have been asked to write a preface to these Legends
of Vancouver, which, in conjunction with the members
of the Publication Sub-Committee—Mrs. And Mr.
R. W. Douglas—I have helped to put through the
press. But scarcely any prefatory remarks are necessary.
This book may well stand on its own merits. Still, it
may be permissible to record one’s glad satisfaction
that a poet has arisen to cast over the shoulders of
our grey mountains, our trail-threaded forests, our
tide-swept waters, and the streets and sky-scrapers
of our hurrying city, a gracious mantle of romance.
Pauline Johnson has linked the vivid present with the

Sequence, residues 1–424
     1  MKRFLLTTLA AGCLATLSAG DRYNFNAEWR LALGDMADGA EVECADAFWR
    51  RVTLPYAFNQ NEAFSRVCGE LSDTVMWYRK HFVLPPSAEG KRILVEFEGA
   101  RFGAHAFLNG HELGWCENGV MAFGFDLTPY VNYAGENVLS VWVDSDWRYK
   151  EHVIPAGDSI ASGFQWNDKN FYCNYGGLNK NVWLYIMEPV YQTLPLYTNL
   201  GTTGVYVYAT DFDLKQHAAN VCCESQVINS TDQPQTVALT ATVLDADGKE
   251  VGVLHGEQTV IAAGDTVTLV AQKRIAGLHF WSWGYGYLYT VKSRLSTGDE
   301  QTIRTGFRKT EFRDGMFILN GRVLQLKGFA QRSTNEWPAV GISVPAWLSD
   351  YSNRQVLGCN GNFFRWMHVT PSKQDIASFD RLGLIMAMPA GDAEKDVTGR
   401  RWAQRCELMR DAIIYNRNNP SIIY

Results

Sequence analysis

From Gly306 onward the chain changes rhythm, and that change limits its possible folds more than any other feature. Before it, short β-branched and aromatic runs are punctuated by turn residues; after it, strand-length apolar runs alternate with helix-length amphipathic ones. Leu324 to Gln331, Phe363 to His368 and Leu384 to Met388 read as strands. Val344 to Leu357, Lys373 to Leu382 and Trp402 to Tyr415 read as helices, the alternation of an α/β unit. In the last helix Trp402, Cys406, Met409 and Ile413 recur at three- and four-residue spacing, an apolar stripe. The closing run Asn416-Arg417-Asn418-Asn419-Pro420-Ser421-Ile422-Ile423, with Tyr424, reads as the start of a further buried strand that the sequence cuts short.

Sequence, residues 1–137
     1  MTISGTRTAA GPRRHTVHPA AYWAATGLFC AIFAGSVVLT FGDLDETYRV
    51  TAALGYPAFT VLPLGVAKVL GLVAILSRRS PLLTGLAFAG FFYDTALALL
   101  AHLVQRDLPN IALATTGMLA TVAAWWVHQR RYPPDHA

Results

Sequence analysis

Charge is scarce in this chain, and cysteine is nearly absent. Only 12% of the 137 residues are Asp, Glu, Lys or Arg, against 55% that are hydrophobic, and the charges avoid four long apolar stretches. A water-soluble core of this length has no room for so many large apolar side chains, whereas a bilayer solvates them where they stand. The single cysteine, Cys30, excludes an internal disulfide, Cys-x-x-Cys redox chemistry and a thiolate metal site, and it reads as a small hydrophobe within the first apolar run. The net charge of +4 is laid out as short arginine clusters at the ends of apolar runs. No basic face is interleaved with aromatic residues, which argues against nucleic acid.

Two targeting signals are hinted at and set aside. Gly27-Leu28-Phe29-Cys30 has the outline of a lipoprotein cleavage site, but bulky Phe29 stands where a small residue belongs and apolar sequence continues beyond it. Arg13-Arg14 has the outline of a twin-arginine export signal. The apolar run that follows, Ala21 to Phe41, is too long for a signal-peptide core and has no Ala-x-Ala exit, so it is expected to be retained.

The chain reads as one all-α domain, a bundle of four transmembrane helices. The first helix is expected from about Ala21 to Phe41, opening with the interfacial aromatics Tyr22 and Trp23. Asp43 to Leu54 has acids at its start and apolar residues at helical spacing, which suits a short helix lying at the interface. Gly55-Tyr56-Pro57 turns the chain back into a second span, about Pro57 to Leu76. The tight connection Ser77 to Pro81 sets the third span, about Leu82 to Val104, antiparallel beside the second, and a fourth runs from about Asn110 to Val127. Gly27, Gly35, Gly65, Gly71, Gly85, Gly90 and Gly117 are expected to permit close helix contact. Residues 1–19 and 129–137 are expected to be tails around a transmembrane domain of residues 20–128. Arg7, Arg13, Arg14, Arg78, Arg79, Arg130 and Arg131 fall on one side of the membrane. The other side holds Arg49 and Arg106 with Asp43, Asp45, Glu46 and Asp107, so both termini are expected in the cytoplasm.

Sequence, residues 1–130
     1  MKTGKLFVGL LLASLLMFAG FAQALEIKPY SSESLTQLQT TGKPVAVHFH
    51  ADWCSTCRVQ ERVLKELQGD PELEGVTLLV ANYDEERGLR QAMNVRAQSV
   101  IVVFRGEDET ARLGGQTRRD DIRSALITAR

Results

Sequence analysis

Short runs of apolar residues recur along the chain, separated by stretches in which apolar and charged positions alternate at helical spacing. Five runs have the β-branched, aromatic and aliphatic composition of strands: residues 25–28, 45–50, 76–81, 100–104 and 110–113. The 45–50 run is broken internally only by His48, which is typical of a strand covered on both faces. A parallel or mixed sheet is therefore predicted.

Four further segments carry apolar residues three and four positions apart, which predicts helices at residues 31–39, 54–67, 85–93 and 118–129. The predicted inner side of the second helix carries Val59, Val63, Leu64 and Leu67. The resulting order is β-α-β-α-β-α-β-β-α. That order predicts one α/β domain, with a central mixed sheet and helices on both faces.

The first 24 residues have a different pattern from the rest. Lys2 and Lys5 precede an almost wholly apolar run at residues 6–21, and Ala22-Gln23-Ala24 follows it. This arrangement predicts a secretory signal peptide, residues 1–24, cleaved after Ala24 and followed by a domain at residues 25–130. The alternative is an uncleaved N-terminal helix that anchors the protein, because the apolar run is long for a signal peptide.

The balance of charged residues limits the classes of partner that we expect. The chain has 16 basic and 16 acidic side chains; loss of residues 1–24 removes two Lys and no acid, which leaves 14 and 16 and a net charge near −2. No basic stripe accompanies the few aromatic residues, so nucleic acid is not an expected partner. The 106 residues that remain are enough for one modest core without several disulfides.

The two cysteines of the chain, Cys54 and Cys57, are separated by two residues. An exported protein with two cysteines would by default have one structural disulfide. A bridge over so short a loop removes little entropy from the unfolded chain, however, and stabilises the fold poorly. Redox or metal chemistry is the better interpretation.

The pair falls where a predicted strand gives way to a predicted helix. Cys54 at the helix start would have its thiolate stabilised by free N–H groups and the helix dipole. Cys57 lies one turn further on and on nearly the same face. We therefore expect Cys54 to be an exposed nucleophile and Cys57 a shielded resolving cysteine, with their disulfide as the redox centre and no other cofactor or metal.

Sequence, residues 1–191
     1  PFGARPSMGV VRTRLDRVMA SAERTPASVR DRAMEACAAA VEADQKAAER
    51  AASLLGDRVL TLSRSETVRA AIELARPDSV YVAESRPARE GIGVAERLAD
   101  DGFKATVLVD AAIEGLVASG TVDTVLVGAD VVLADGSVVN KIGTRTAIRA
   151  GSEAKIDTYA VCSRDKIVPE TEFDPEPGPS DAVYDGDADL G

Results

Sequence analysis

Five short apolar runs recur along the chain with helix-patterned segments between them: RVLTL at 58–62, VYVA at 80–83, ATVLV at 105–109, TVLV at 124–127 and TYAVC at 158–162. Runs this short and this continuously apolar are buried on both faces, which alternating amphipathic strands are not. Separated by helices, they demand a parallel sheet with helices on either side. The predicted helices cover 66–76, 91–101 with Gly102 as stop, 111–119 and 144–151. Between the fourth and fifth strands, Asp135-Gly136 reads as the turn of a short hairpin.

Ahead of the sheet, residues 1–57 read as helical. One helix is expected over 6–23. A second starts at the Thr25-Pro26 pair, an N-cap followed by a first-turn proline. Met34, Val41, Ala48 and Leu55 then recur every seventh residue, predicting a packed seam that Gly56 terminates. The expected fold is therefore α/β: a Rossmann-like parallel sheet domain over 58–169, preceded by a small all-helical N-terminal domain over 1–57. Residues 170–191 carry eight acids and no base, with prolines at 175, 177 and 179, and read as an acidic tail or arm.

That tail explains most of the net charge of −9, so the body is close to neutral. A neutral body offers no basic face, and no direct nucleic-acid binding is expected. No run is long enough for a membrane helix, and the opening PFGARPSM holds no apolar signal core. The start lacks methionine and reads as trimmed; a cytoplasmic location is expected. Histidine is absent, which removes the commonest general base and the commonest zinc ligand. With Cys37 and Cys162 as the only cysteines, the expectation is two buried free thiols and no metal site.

immemorial past. Vancouver takes on a new aspect as
we view it through her eyes. In the imaginative power
that she has brought to these semi-historical sagas,
and in the liquid flow of her rhythmical prose, she
has shown herself to be a literary worker of whom we
may well be proud: she has made a most estimable contribution
to purely Canadian literature.